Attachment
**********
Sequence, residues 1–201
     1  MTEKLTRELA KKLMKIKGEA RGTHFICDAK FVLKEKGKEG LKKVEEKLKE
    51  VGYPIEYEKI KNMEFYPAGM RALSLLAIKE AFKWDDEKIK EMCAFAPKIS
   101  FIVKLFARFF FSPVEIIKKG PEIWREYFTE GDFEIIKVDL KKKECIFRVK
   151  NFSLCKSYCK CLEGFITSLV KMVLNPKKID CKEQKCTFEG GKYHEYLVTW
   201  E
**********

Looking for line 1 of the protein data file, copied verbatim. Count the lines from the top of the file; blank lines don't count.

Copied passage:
Sequence, residues 1–201